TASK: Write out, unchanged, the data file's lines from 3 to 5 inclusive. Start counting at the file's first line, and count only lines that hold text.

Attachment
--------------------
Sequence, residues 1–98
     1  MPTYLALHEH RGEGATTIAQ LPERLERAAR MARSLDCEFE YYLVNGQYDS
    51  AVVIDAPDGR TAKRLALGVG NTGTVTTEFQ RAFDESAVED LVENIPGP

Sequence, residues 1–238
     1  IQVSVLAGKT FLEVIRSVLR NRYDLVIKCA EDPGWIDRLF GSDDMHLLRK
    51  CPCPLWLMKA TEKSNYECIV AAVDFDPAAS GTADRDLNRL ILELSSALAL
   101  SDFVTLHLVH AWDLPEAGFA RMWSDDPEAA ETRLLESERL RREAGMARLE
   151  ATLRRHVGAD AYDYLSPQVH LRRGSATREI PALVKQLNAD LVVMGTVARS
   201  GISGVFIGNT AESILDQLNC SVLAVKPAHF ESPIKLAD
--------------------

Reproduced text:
    51  AVVIDAPDGR TAKRLALGVG NTGTVTTEFQ RAFDESAVED LVENIPGP

Sequence, residues 1–238
     1  IQVSVLAGKT FLEVIRSVLR NRYDLVIKCA EDPGWIDRLF GSDDMHLLRK